In the Beginning
What's in a Name
Dr. Ed Beaty
It's the People
Arty the Aardvark
Making a Difference
Aims in One Word
The idea that Weld County would benefit from a two-year junior college came up in 1965 by Kirby Hart and a District Six citizen’s committee. Within a year and a half, the people voted to create the Aims Junior College District encompassing 12 public school districts. Hart was elected the first board president, and the board quickly hire Dr. Ed Beaty as the institution’s first president.
Aims opened for classes in the fall of 1967 to 949 students at the vacated Lincoln Elementary School. Aims found its permanent home a couple years later in 1969 and in 1977 Aims received full accreditation from the North Central Association of Colleges and Schools.
Over 50 years, Aims Community College opened its doors for everyone to be able to go to college in northern Colorado. With low tuition, scholarships and grants, Aims provides everyone with the opportunity to go to college and have a better career.
Dr. Frank J. Gordon was one of Aims’ original faculty members teaching history and political science from 1967-1970.
Gordon returned to Aims in 1982 to teach and additionally created courses in modern German history and the history of Christianity.
Gordon was well respected among students and an award is presented in his honor every year to a student showing excellence in history and political science.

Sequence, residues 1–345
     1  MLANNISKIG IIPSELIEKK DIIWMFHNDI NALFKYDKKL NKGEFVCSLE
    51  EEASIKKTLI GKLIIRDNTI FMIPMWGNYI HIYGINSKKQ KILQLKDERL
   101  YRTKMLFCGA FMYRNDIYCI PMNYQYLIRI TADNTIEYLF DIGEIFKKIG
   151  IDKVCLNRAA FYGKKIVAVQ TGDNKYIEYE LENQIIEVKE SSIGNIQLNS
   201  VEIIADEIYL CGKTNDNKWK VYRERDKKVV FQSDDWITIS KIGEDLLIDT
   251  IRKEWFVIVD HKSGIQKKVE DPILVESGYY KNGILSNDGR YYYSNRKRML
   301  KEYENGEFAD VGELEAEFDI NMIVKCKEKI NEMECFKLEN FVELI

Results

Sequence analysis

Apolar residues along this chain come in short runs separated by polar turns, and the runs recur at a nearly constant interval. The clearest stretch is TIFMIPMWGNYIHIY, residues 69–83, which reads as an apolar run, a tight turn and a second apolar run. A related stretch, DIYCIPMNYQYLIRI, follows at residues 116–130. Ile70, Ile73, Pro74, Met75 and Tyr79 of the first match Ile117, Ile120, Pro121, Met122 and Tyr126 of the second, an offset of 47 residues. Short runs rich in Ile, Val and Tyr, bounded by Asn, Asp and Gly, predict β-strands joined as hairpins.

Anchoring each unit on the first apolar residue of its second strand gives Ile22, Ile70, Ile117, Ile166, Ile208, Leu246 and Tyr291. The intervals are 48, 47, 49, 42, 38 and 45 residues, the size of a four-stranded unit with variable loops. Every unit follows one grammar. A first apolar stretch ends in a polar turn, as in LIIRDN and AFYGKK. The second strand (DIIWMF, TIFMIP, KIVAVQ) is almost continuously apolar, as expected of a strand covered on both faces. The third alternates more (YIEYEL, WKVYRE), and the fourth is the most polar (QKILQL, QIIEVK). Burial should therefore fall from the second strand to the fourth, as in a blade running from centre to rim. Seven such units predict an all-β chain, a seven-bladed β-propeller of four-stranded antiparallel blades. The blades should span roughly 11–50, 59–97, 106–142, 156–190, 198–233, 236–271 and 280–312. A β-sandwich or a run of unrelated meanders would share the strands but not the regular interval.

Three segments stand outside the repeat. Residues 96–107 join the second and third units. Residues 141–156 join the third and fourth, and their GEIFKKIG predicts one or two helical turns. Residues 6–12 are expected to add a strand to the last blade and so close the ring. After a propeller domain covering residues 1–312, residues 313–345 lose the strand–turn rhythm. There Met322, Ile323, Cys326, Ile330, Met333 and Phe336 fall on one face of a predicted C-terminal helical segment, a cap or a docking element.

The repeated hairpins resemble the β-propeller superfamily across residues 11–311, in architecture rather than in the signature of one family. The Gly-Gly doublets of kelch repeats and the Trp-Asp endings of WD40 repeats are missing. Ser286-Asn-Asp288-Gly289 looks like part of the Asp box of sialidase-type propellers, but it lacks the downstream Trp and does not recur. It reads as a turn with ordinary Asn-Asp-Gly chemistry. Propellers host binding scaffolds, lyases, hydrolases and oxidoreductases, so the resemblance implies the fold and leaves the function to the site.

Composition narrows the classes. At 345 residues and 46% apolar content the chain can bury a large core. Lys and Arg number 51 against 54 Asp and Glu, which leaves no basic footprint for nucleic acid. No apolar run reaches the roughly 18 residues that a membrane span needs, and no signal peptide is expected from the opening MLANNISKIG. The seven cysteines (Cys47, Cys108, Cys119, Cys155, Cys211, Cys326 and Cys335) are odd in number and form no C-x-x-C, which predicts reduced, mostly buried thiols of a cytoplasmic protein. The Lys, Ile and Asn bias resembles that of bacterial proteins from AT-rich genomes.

Art Terrazas first showed up at Aims in 1967 as one of the first students to register
for class during Aims’ inaugural year. Fifty years later and he is still part of the
After his years as a student, Terrazas earned his bachelor’s and master’s degrees from Northern Colorado and then came back to teach students at the school that inspired him to keep on learning.
Terrazas has taught adult education, English as a second language, citizenship, GED, ethnic studies and math, while impacting the lives of hundreds of students.
Officially retiring in 2006, Terrazas, just cannot stay away and to this day works as an adjunct faculty member.
Dorothy Stewart was personally asked by Ed Beaty to apply for one of the first faculty positions at Aims. Although hesitant at first, Stewart turned the opportunity into a 28-year career which saw her help create the foundation of multiple programs.
Stewart calls Aims a “school of second chances,” and credits the college for turning around her professional career. Today, an annual award is given to an Aims student in composition in her honor.
On January 24, 2017, in honor of the anniversary of Aims Community College, the cities of Greeley, Loveland, Windsor and Fort Lupton and the counties of Weld and Larimer as well as the Governor of Colorado will proclaim the day as Aims Community College Day.
Read the proclamations below:
The Aardvark came to Aims in 1967. His journey to Aims is one that has been debated, but Ed Beaty was known to be fond of the animal and students voted the aardvark the official mascot and later named him, Arty.
Arty was replaced by a Saint Bernard a couple of years later, but made a triumphant return in the mid 80’s, quickly becoming a favorite among students and faculty as he led the fictitious football team to victory.
Arty once again went on “sabbatical” at the turn of the century, but has returned once again with a fresh look and new energy. You can spot Arty today at many Aims on and off campus events.